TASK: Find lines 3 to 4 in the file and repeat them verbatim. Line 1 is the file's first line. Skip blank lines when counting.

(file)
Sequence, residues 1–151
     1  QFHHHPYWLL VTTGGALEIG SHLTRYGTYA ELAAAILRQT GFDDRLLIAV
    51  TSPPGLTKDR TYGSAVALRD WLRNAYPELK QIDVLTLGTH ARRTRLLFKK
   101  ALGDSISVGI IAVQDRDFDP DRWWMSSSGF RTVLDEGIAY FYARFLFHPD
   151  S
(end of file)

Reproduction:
    51  TSPPGLTKDR TYGSAVALRD WLRNAYPELK QIDVLTLGTH ARRTRLLFKK
   101  ALGDSISVGI IAVQDRDFDP DRWWMSSSGF RTVLDEGIAY FYARFLFHPD